Undergraduate Program & Curriculum

The Field

Nuclear engineering is an exciting, rapidly-evolving field that requires engineers with an understanding of the physical processes of nuclear energy and an ability to apply concepts in new and creative ways. Nuclear engineers are primarily concerned with the control, monitoring, and use of energy released in nuclear processes. Some nuclear engineers work on the design and safety aspects of environmentally sound, passively safe nuclear fission reactors. Others are looking to future energy solutions through the development and implementation of nuclear fusion systems. Others are helping in the exploration and utilization of outer space by developing long-term, reliable nuclear energy sources. With the renewed concern in environmental science, nuclear engineers are working on safe disposal concepts for radioactive waste and on methods for the reduction of radiation releases from industrial facilities. They also work in developing a wide variety of applications for radioisotopes such as the treatment and diagnosis of diseases, food preservation, manufacturing development, processing and quality control, and biological and mechanical process tracers. For each of these fields, there are numerous opportunities for nuclear engineers in basic research, applications, operations, and training.

The Major

The goal of nuclear engineering education is to give the student an excellent understanding of nuclear processes and fundamentals and to provide the physical and engineering principles which lead to applications of the basic processes. The course of study in nuclear engineering gives the student broad training in the fundamentals of mathematics, physics, chemistry, and engineering, followed by professional specialty courses in radiation detection and protection, nuclear reactor theory and safety, thermal hydraulics, and nuclear systems design. Students also select three technical electives which allow them to explore in-depth areas of interest in nuclear engineering. The graduate nuclear engineer will find a wide variety of career opportunities or will be well prepared to pursue advanced graduate studies.

The Curriculum

The Bachelor of Science degree in Nuclear Engineering requires 120 semester hours of course work in Nuclear Engineering in addition to related math, physics, computer science and chemistry courses. As a public Carnegie university, the curriculum includes general educational courses to enhance our students’ communication, critical thinking, information analysis, quantitative skills, and responsibility towards local and global communities. See Bachelor of Science in Nuclear Engineering (B.S.N.E.) Curriculum for complete requirements.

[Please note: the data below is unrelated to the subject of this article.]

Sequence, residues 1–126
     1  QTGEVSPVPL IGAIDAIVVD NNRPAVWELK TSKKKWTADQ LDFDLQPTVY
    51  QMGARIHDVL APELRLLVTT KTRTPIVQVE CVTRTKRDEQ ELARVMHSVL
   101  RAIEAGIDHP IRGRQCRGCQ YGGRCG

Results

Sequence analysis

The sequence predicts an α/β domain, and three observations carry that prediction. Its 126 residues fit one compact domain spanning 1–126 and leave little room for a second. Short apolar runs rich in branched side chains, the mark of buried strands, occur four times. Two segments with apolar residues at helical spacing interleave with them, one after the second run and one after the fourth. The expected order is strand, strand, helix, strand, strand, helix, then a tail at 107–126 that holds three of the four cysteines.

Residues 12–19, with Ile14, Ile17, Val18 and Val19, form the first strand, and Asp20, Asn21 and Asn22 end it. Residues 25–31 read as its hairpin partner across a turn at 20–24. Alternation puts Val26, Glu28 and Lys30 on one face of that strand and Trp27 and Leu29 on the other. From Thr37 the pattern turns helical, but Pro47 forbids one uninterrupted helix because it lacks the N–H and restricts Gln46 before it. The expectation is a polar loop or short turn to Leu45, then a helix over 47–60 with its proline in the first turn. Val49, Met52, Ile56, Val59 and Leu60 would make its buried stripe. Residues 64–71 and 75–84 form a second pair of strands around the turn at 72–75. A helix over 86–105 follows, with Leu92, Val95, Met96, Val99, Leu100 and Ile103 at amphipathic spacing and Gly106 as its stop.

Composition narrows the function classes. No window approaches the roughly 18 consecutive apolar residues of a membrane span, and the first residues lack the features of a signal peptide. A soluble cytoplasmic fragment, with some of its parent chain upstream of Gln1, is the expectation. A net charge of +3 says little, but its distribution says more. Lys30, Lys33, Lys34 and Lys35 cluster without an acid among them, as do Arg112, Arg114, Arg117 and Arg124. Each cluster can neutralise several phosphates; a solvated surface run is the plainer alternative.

The BS degree in Nuclear Engineering is accredited by the Engineering Accreditation Commission of the Accreditation Board for Engineering and Technology. For complete details visit the accreditation section of our website.

Educational Objectives

Graduates of the undergraduate program in Nuclear Engineering will be successfully progressing in their careers by:

  1. demonstrating technical competence in their nuclear engineering-related professional or post-baccalaureate educational endeavors,
  2. solving problems efficiently in diverse areas of nuclear engineering and other related professions, and
  3. communicating effectively in both written and oral media.

Student Outcomes

The program outcomes, listed below, summarize the key skills and capabilities that we expect of our graduates at or before the time of graduation. By the time our graduates complete our program they will have successfully demonstrated:

  1. an ability to apply knowledge of mathematics, science, nuclear physics, and engineering.
  2. an ability to design, conduct, and analyze experiments involving nuclear* and non-nuclear processes, interpret data, and report the results.
  3. an ability to design a nuclear system, reactor, or process to meet desired needs within realistic constraints such as economic, environmental, social, political, ethical, health and safety, manufacturability, and sustainability.
  4. an ability to function on multidisciplinary teams.
  5. (e) an ability to identify, formulate, and solve nuclear* and related engineering problems.
  6. an understanding of the professional and ethical responsibilities of nuclear engineers.
  7. an ability to communicate effectively.
  8. the broad education necessary to understand the impact of engineering solutions in a global, economic, environmental, and societal context.
  9. a recognition of the need for, and an ability to engage in life-long learning.
  10. a knowledge of contemporary issues involving nuclear power and engineering activities.
  11. an ability to use the techniques, skills, and modern engineering tools (such as neutronics codes) necessary for nuclear or radiological engineering practice.

* Nuclear engineering problems include nuclear processes (fission, fusion, decay, etc.), radiation interaction with matter, radiation transport, thermal hydraulics, and radiation detection and measurement.